Evelyn K. Isaac, Hastings-on-Hudson, N.Y., for appellant.
Janet DiFiore, District Attorney, White Plains, N.Y. (Hae Jin Liu, Steven A. Bender, and Richard Longworth Hecht of counsel), for respondent.
REINALDO E. RIVERA, J.P., SHERI S. ROMAN, ROBERT J. MILLER, SYLVIA O. HINDS-RADIX, JJ.
DECISION & ORDER
Appeal by the defendant from a judgment of the County Court, Westchester County (Hubert, J.), rendered January 20, 2011, convicting him of criminal possession of a controlled substance in the third degree and criminal possession of a controlled substance in the seventh degree, upon a jury verdict, and imposing sentence. The appeal brings up for review the denial, after a hearing, of that branch of the defendant's omnibus motion which was to suppress physical evidence.
ORDERED that the judgment is affirmed.
The defendant contends that the hearing court should have suppressed drugs discovered during a search conducted pursuant to his arrest, which, he asserts, was carried out without probable case. Contrary to the defendant's contention, the hearing court properly concluded that the police had probable cause for his arrest. The evidence adduced at the hearing established that a trained and experienced police officer on a surveillance assignment in a high-crime area observed the defendant standing on the street, nervously looking around him before pouring a brown, powder-like substance from a waxy envelope into an open cigar. These facts would lead a reasonable person who possessed the same expertise as the officer to conclude that a crime was being committed (see People v McRay, 51 N.Y.2d 594, 598; People v Vega, 56 A.D.3d 578, 579; People v Powell, 32 A.D.3d 544, 545; People v Cabot, 88 A.D.2d 556, 557). The seizure of the drugs from the defendant was, therefore, the result of a search incident to a lawful arrest (see People v Inge, 90 A.D.3d 675, 676; People v Parker, 306 A.D.2d 543). Accordingly, the hearing court properly denied that branch of the defendant's omnibus motion which was to suppress physical evidence.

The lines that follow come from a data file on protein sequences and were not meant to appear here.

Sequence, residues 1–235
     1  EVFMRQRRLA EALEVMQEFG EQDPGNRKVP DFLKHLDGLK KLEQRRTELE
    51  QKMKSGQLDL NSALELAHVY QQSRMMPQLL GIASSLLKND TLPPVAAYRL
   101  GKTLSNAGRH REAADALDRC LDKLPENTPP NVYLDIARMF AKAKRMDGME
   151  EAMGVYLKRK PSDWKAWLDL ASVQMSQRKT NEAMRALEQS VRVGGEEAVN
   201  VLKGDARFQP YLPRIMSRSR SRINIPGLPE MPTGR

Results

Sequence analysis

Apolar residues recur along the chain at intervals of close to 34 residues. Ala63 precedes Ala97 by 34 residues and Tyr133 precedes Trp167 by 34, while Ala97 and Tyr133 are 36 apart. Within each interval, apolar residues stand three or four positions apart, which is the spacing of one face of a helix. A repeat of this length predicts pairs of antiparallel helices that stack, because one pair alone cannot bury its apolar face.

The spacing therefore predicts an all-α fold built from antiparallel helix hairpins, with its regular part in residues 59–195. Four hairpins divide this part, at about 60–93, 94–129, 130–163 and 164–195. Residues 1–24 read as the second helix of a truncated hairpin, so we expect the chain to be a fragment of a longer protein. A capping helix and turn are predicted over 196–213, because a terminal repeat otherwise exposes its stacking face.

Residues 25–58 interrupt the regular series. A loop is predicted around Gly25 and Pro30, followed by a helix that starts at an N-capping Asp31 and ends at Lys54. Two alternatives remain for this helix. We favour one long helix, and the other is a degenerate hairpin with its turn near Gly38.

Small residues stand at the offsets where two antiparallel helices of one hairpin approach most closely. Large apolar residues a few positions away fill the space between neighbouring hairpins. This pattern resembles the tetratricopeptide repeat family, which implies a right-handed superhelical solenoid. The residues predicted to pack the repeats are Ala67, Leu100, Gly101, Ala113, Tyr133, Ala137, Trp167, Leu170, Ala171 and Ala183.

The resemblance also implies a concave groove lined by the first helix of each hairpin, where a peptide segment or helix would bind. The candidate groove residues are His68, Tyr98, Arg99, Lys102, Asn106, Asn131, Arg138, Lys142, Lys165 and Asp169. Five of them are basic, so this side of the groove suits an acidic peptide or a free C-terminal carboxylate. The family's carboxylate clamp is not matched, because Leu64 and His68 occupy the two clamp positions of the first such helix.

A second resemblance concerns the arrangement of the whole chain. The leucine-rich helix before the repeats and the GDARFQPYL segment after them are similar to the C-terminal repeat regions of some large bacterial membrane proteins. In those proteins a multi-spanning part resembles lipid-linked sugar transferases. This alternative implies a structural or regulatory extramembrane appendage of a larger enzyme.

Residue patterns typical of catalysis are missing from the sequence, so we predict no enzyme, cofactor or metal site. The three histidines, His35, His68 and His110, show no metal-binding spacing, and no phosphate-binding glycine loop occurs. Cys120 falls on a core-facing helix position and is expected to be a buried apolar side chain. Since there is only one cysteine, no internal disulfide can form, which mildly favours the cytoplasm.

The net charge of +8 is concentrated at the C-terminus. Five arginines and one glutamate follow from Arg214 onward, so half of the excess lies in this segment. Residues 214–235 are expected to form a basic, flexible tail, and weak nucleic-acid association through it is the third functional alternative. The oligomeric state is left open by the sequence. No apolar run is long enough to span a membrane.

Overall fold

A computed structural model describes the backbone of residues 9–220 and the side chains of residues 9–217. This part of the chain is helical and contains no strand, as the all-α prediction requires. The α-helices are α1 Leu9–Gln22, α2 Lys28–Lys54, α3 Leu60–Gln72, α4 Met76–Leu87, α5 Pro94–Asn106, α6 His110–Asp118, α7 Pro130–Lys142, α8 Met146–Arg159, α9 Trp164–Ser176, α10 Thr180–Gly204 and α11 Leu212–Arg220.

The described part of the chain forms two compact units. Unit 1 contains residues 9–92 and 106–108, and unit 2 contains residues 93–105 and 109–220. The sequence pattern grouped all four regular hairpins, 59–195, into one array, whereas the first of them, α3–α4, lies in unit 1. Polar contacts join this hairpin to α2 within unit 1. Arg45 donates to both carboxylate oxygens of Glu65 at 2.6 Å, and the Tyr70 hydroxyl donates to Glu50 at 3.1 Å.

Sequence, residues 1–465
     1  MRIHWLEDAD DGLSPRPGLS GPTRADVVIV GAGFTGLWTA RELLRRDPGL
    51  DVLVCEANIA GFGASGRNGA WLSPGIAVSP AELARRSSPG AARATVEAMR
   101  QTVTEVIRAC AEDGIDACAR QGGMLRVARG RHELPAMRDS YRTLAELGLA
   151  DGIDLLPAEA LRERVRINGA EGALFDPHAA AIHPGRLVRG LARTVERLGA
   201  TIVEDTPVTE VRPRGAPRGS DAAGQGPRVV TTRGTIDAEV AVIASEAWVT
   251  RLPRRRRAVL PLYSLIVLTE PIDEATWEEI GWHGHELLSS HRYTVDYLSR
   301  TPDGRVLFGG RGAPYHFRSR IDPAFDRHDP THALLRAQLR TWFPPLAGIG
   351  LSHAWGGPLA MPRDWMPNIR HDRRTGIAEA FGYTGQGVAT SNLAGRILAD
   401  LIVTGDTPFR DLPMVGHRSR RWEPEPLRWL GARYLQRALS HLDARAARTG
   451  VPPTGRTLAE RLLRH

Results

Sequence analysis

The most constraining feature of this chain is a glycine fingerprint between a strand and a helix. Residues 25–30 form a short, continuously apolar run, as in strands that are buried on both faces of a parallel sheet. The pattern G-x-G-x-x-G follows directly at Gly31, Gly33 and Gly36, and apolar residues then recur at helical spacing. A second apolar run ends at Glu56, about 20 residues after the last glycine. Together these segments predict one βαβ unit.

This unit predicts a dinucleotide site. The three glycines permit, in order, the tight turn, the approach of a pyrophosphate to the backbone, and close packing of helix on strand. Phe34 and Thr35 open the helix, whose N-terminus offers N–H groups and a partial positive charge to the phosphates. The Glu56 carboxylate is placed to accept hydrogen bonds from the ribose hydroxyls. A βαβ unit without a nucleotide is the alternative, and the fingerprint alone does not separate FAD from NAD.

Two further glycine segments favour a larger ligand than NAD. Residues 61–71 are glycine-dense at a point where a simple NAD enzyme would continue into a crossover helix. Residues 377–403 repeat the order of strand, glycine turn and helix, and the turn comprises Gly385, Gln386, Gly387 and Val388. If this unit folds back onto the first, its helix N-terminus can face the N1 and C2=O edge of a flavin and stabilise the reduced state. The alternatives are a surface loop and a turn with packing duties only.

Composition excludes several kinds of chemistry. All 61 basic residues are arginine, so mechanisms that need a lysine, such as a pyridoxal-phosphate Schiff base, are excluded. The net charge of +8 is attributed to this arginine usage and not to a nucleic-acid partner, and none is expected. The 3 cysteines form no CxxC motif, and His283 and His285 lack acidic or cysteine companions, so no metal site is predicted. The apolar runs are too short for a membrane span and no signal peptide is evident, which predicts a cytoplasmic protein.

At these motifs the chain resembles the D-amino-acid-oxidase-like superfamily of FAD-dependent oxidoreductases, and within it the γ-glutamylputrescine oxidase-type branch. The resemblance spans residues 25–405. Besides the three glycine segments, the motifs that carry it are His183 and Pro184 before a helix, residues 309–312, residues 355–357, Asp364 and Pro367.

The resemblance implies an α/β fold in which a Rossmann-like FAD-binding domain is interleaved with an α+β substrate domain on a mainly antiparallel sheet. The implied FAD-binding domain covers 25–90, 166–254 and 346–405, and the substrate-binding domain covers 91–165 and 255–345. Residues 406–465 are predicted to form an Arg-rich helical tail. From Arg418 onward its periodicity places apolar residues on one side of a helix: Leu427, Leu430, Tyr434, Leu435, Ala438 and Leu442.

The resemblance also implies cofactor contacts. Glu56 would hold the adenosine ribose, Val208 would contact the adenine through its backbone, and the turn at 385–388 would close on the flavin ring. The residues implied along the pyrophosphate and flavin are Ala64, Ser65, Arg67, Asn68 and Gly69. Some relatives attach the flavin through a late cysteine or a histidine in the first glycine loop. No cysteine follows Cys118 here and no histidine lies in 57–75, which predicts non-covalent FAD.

Contrary to the defendant's contention, the trial court properly discharged a sworn juror upon determining that her state of mind prevented her from rendering an impartial verdict (see People v Buford, 69 N.Y.2d 290; People v Johnson, 83 A.D.3d 1094, 1095; People v Chavez, 275 A.D.2d ...